(Reuters) - New York Cardinal Timothy Dolan, a leading candidate to become pope, was questioned on Wednesday in a legal deposition about cases of alleged sexual abuse by priests while he was the head of the archdiocese of Milwaukee, a church lawyer said.
Dolan was deposed in New York for three hours by attorneys representing more than 500 people who claim they were sexually abused by clergy at the Milwaukee archdiocese, which Dolan headed from 2002 to 2009, said Frank LoCoco, an archdiocese attorney.
In 2011, the Milwaukee archdiocese filed for Chapter 11 bankruptcy protection, citing the financial drain of settling sexual-abuse claims and acknowledging missteps by the church in dealing with pedophile priests.
Milwaukee was the eighth U.S. Roman Catholic diocese to declare bankruptcy in fallout from a sexual-abuse scandal that surfaced in 2002 and has prompted the Church to pay out more than $2 billion in settlements.
LoCoco said Dolan was asked about his efforts to respond to the claims of sexual abuse in the Milwaukee archdiocese.
“More specifically, the questioning was intended to deal with his decision early in his tenure to publicize the list of known abusers in the church for the public,” LoCoco said.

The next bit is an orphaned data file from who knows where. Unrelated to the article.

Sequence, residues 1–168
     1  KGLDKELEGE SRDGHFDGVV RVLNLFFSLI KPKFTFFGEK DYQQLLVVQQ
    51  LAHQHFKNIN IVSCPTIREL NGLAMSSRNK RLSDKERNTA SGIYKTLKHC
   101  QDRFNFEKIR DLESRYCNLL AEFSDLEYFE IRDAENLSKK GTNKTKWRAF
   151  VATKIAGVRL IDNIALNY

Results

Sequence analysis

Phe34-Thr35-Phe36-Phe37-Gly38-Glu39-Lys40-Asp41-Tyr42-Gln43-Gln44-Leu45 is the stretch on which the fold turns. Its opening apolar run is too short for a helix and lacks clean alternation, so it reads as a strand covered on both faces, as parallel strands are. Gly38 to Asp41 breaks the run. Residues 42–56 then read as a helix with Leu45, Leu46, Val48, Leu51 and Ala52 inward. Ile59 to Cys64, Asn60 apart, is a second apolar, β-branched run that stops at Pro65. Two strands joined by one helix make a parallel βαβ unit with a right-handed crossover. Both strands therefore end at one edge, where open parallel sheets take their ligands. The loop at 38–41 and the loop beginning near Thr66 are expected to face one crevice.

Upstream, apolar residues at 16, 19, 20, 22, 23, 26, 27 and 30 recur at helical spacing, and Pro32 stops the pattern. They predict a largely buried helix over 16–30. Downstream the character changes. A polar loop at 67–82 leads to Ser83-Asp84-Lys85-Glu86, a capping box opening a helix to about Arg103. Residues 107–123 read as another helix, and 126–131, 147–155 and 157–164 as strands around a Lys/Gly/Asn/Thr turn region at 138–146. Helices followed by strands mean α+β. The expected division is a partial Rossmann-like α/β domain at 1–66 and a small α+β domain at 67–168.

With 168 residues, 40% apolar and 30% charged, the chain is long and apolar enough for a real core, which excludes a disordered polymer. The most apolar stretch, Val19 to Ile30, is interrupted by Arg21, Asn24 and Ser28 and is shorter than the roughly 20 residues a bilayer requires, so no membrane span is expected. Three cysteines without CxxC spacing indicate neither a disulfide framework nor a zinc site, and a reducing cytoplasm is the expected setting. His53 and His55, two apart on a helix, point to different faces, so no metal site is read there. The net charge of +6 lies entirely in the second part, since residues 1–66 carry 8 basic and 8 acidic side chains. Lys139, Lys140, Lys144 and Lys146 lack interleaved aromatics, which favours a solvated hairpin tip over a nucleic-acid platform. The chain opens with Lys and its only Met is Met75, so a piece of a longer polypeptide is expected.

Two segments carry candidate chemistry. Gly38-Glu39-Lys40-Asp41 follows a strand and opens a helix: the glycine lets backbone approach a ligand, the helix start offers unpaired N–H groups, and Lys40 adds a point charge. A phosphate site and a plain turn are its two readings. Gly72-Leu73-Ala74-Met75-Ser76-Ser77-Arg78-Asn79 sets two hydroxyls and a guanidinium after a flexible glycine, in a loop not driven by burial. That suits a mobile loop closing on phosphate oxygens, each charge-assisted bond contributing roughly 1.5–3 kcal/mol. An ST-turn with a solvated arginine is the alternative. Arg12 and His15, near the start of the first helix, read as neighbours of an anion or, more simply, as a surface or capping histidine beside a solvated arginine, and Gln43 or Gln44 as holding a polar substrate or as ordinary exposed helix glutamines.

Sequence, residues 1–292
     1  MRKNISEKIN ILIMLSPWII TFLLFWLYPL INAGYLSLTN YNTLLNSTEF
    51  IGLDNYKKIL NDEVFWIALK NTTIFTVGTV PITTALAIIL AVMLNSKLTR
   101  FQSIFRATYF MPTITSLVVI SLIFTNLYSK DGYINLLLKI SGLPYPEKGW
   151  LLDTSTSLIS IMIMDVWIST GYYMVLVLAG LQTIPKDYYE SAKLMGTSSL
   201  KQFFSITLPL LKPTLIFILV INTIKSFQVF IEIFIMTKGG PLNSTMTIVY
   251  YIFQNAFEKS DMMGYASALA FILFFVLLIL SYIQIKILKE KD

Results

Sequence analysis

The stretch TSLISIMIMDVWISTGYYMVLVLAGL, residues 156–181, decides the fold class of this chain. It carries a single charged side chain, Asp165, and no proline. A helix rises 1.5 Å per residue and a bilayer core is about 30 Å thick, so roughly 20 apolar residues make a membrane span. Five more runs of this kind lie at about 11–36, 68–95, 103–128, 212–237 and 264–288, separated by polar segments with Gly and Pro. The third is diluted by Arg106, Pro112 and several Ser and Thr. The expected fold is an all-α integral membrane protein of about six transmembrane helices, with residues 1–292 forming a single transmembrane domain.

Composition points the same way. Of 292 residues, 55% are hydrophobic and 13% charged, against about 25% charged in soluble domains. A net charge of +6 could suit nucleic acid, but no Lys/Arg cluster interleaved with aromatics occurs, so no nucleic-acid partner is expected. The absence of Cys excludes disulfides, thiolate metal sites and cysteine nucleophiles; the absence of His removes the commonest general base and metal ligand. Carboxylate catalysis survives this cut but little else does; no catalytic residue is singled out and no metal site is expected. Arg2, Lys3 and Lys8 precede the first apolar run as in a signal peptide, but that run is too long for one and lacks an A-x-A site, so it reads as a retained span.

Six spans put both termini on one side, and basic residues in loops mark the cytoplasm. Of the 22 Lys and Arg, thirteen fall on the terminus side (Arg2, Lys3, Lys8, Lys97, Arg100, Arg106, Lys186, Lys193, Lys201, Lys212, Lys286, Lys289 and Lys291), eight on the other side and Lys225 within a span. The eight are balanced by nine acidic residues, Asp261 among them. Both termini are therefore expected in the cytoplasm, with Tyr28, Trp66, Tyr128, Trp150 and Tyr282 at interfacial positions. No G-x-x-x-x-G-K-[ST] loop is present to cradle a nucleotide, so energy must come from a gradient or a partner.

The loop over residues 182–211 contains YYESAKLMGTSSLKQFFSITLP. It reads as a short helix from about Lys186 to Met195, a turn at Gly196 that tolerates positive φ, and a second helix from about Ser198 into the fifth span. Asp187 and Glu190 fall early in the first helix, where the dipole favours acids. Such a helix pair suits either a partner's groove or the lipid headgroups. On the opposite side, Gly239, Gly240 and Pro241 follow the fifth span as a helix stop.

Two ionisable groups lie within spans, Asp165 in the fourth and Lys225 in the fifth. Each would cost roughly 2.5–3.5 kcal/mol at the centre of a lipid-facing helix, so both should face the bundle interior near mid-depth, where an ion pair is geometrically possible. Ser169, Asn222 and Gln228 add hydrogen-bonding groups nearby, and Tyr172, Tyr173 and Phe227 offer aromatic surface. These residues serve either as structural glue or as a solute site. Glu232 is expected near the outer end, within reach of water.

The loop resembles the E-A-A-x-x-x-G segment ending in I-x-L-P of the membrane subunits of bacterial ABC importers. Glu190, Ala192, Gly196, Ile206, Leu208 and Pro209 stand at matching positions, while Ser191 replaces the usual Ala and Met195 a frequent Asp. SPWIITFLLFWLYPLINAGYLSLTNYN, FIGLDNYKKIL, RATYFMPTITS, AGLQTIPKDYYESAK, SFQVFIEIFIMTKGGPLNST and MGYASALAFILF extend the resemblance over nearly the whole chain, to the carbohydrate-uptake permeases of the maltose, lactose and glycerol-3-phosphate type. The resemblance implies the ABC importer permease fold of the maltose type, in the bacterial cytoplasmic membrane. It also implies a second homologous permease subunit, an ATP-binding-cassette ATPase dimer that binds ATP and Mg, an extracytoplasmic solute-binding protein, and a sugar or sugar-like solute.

Dolan is one of two American cardinals scheduled to be deposed this week, according to The New York Times, which first reported their involvement. The second, Cardinal Roger Mahony, the retired archbishop of Los Angeles, will be questioned on Saturday, the Times said.
Both are expected to travel to Rome soon to attend the Vatican conclave that will elect a successor to Pope Benedict XVI, who surprised the world last week by announcing he would resign at the end of February.
Dolan, 62, is among the 10 or so front-runners from around the world to succeed Benedict. The voice of U.S. Catholicism after being named archbishop of New York in 2009, Dolan’s humor and dynamism have impressed the Vatican.
Mahony has faced criticism after the Los Angeles archdiocese released more than 12,000 pages of files earlier this month showing he and a top adviser sent priests accused of abuse out of California to shield them from law-enforcement scrutiny during the 1980s.
The archdiocese of Los Angeles, the largest in the United States with 4 million Catholics, reached a $660 million settlement in 2007 with more than 500 victims of sexual molestation. It was the biggest U.S. settlement of its kind.
A spokesman for the archdiocese of New York did not immediately return calls seeking comment.
Writing and reporting by Kevin Gray; Editing by Steve Gorman and Philip Barbara